On 13 May 2014, a new book about the U.S. National Security Agency (NSA) was released. It includes allegations that the NSA has intercepted and tampered with technology products in transit from U.S. technology providers to customers, potentially including products intended for Cisco customers.
We take these allegations very seriously, and our Chief Executive Officer has communicated directly with leaders in the U.S. government to express our deep concern.
Our commitment to our customers is clear: as a matter of policy and practice, Cisco does not work with any government, including the U.S. government, to weaken or compromise our products. This document has been prepared to help you assess, secure, and manage your network.
We are proud of our global reputation as a trustworthy vendor, and we take industry-leading measures to safeguard the integrity, security, and reliability of our equipment.
Cisco's Trustworthy Systems initiative focuses on four key areas during product development:
It also includes our interlocking practices and procedures to embed physical and logical security throughout our supply chain. At each node of the supply chain, we apply some combination of:
We also validate supplier adherence to our security requirements in multiple ways, including physical audits, information security assessments, and embedding security into supplier ratings. The intended result of this validation process is continuous feedback, remediation, and enhancement.
The Cisco Product Security Incident Response Team (PSIRT) also operates an industry-leading security vulnerability disclosure program, while maintaining strong relationships with our customers, security researchers, and CERT organizations around the world.
Cisco has reviewed the most recent allegations, said to be sourced from a “June 2010 report from the head of the NSA's Access and Target Development department.” This document alleges that the NSA “intercepts and tampers with routers and servers manufactured by Cisco to direct large amounts of Internet traffic back to the NSA's repositories” through the installation of “beacon implants.”
Having reviewed this information, Cisco has concluded:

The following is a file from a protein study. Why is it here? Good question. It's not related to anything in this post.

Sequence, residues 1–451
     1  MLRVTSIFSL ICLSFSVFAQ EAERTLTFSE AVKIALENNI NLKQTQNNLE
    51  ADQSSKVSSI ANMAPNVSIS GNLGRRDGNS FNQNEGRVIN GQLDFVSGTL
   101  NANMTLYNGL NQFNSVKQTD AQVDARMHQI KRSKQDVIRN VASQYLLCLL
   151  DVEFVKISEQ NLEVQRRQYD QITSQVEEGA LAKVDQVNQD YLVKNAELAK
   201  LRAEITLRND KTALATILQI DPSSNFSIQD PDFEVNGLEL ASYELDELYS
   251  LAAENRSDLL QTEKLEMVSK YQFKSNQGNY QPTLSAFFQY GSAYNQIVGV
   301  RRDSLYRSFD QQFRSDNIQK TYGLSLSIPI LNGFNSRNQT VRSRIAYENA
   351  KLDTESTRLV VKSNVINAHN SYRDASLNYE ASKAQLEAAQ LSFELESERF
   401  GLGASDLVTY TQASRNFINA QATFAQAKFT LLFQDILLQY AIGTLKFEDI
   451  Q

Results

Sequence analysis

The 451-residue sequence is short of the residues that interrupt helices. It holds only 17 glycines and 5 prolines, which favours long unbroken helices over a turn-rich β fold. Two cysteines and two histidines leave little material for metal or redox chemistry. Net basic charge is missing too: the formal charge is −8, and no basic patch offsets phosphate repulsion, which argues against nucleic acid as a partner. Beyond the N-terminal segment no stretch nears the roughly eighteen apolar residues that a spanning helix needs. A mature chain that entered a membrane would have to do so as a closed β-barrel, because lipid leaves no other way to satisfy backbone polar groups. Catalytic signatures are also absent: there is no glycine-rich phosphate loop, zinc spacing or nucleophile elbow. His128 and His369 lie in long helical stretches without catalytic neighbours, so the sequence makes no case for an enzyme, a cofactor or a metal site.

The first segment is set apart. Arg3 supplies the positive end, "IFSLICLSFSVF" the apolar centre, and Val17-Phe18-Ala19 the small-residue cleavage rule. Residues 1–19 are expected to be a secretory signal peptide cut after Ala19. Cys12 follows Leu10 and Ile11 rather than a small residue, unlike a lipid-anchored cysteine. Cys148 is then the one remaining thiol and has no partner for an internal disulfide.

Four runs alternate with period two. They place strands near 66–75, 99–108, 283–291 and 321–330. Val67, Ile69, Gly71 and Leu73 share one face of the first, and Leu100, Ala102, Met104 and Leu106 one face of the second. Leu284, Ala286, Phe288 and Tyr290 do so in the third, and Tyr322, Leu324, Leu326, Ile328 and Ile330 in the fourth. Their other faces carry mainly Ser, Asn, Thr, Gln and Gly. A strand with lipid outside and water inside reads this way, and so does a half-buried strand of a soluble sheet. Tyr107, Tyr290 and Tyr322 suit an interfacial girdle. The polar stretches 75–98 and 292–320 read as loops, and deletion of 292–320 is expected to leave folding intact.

Based on the generic information published, we recommend that Cisco customers focus on two areas: network infrastructure hardening, and monitoring and analysis of network telemetry.
Network Infrastructure Hardening
Monitoring and Analysis of Network Telemetry
Support for some of these efforts may be available as part of a Cisco Advanced Services contract. You may also consider:
Cisco's Brand Protection program is focused on the protection of your investment in Cisco technology. Learn more about more about avoiding the introduction of counterfeit products and unnecessary risk into your network on the Brand Protection website.
For More Information
If you discover an anomaly or suspicious network activity, we recommend:
All vulnerability-related information reported to Cisco will be investigated, managed, and disclosed in accordance with our Security Vulnerability program.
If you would like additional information about Cisco services focusing on product and network security, please contact your Cisco account team or the Cisco PSIRT.
This document is part of Cisco Security Intelligence Operations.
This document is provided on an "as is" basis and does not imply any kind of guarantee or warranty, including the warranties of merchantability or fitness for a particular use. Your use of the information on the document or materials linked from the document is at your own risk. Cisco reserves the right to change or update this document at any time.